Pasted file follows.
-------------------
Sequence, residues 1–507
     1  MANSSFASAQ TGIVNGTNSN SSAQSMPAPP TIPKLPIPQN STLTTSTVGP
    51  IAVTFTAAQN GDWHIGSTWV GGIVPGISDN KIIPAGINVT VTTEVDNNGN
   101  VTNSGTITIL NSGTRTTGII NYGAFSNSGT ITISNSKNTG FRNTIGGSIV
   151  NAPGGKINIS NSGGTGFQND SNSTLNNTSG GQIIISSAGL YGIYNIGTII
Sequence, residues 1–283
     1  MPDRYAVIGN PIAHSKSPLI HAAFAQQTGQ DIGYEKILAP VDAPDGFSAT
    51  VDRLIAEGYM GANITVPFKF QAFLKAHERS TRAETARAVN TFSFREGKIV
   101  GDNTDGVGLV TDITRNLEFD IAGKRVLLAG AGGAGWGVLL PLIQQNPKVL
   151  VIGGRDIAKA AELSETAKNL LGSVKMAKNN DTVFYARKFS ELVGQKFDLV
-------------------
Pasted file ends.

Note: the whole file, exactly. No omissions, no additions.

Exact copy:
Sequence, residues 1–507
     1  MANSSFASAQ TGIVNGTNSN SSAQSMPAPP TIPKLPIPQN STLTTSTVGP
    51  IAVTFTAAQN GDWHIGSTWV GGIVPGISDN KIIPAGINVT VTTEVDNNGN
   101  VTNSGTITIL NSGTRTTGII NYGAFSNSGT ITISNSKNTG FRNTIGGSIV
   151  NAPGGKINIS NSGGTGFQND SNSTLNNTSG GQIIISSAGL YGIYNIGTII
Sequence, residues 1–283
     1  MPDRYAVIGN PIAHSKSPLI HAAFAQQTGQ DIGYEKILAP VDAPDGFSAT
    51  VDRLIAEGYM GANITVPFKF QAFLKAHERS TRAETARAVN TFSFREGKIV
   101  GDNTDGVGLV TDITRNLEFD IAGKRVLLAG AGGAGWGVLL PLIQQNPKVL
   151  VIGGRDIAKA AELSETAKNL LGSVKMAKNN DTVFYARKFS ELVGQKFDLV